Puree foods has always been the go to texture when we first introducing solids to our baby at about 6 months of age. Some may start earlier at 5+ months if your baby is showing signs that they are ready. Either store bought or homemade puree foods, this traditions has been going on for centuries and babies across the globe has been thriving and doing just fine on it. It is really convenient to have some ready made puree baby foods handy when time is scarce during the work week.
In most recent years, baby led weaning (BLW) has been gaining more popularity as mom doesn’t need to make a separate puree meal for their baby. Family meal is offered to young baby in softer texture. This approach encouraged young infant to self feed soft finger foods (still no hard to chew texture foods such as nuts, seeds, raw vegetables and hard textured fruits), teaching infant to recognizing their own hunger cues and promoting stronger oral motor skills as it’s require more biting and chewing coordination during meal time (surprisingly baby doesn’t really need teeth to chew). Which in turn, reducing the frequency of over feeding as compared to spoon-fed babies. It is believed that BLW also foster a more positive eating and interactive meal environment at the family table.
Bottom line: There’s no one method that is superior than the other. Both has its pros and cons. Just follow your instinct and do what you feel most comfortable with and what your baby prefers. * It is also recommended that at least one family member should be trained in infant CPR whether you are introducing purees or whole foods.*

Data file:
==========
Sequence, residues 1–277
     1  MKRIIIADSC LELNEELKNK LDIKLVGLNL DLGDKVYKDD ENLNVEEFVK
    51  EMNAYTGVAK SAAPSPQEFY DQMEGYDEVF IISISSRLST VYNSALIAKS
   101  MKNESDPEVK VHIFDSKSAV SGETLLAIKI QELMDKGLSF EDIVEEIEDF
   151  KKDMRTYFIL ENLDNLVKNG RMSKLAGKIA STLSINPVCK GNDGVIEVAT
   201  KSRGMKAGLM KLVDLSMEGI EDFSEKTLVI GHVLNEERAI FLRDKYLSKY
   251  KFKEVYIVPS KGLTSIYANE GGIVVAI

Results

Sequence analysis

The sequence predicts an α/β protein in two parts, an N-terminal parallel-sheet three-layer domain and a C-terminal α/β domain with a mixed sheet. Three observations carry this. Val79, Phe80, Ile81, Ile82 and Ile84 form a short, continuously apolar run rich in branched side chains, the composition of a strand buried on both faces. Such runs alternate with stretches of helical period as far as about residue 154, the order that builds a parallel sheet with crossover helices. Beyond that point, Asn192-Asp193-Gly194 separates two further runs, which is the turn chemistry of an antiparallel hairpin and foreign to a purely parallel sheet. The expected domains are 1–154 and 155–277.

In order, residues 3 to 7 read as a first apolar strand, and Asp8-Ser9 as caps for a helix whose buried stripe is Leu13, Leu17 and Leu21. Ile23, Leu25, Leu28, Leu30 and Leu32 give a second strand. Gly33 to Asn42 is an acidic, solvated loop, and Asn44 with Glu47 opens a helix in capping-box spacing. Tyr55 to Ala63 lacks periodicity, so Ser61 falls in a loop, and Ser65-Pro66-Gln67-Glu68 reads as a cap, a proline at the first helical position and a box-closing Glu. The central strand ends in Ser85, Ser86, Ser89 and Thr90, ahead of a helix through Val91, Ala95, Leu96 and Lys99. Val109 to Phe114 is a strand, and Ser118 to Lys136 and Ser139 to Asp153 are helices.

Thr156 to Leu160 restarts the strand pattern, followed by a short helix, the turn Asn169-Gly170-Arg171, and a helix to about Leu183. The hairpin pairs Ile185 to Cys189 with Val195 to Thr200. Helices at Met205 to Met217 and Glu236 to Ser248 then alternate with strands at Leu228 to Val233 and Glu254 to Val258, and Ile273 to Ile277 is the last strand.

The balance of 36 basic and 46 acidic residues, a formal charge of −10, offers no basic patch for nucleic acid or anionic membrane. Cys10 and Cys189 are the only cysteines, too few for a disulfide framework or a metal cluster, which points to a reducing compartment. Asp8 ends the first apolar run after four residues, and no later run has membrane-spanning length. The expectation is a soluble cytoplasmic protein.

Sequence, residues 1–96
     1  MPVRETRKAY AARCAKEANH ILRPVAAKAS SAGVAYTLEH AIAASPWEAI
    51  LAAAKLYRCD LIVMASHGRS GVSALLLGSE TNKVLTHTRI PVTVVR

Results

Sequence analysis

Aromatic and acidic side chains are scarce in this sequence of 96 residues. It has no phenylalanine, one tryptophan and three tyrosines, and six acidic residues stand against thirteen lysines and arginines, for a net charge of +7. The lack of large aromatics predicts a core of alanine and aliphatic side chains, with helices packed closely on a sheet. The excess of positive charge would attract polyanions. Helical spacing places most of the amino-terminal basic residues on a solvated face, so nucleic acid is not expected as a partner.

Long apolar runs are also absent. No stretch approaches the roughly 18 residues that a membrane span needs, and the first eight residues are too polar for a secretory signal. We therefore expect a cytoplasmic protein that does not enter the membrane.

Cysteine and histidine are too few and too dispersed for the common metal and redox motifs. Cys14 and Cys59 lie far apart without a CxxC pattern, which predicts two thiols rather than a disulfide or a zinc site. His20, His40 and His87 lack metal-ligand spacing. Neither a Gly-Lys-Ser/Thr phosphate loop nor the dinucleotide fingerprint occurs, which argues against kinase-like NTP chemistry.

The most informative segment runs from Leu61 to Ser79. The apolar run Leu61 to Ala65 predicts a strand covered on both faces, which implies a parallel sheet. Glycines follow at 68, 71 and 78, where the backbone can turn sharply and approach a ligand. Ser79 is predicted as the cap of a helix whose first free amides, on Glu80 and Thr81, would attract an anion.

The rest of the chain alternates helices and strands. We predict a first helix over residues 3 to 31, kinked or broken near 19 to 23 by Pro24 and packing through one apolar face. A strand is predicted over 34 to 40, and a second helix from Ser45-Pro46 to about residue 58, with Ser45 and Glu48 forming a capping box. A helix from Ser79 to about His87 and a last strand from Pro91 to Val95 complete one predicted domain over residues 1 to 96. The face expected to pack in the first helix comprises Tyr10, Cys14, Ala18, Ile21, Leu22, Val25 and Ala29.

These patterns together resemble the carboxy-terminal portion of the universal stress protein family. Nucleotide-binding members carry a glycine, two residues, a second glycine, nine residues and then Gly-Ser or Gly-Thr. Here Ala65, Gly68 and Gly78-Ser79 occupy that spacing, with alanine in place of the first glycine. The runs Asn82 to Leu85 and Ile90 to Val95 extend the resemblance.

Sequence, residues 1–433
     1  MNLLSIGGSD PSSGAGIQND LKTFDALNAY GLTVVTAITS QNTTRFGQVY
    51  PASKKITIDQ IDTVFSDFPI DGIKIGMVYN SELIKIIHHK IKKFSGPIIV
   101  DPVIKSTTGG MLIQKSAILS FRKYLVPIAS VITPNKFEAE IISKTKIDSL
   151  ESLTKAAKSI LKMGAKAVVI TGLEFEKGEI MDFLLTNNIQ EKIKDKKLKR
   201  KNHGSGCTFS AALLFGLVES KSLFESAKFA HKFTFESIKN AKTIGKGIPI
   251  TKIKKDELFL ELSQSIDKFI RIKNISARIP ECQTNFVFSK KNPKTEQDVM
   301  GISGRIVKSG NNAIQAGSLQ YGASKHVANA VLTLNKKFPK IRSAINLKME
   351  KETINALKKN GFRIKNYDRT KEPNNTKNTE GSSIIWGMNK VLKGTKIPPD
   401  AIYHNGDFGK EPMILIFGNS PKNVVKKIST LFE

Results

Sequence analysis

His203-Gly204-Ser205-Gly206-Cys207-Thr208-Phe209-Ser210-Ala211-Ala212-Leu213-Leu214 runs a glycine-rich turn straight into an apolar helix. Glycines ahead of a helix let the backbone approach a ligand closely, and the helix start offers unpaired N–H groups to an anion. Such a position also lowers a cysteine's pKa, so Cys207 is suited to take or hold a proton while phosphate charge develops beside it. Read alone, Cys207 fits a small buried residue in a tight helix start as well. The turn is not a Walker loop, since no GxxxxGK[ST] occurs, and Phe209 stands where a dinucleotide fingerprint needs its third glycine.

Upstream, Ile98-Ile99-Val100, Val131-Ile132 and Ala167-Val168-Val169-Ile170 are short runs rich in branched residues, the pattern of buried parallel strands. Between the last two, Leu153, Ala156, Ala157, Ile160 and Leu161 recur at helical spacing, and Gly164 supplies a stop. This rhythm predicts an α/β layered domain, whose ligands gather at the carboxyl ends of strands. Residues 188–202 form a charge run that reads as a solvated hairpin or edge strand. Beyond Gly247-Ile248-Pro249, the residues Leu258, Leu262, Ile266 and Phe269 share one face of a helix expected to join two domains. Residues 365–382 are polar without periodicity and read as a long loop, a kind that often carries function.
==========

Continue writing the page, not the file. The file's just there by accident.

After much trial and tribulations with my own daughter. I find that using both methods suites our family lifestyles and that’s what she prefers. There’s no rules that says you have to use one or the other, why not just mix it up? Although, I would recommend all mother to start the first month with puree when introducing solids. As the baby become stronger with their oral motor skills, then slowly introduce whole foods in softer textures later.
I really enjoyed making some puree foods (savory congee/porridge) feeding her via spoon, and also find it fascinating watching her able to gum through whole banana, ripe pears, orange slices, and sliced cooked vegetables at 8 months. To this date, I still have those puree fruit/veggies pouches handy to use as snacks when we are traveling and she still enjoys it. She’s a great eater and always have been, so I’m very thankful for that.
Though one thing to keep in mind that not all babies are all up for BLW even though research has indicated that most healthy term baby is developmentally ready for BLW approach between 6-7 months of age. Premature infant, infants with feeding and swallowing difficulties are not recommended to use the BLW method when first introducing complimentary foods. Rule of thumb is to always check in with your baby pediatrician when you first introducing solids so they can give you guidance on where to start.
Starting complimentary foods is an exciting journey for your baby. Let them explore and exposed to a wide variety of foods as long as eating and food safety practices are being followed.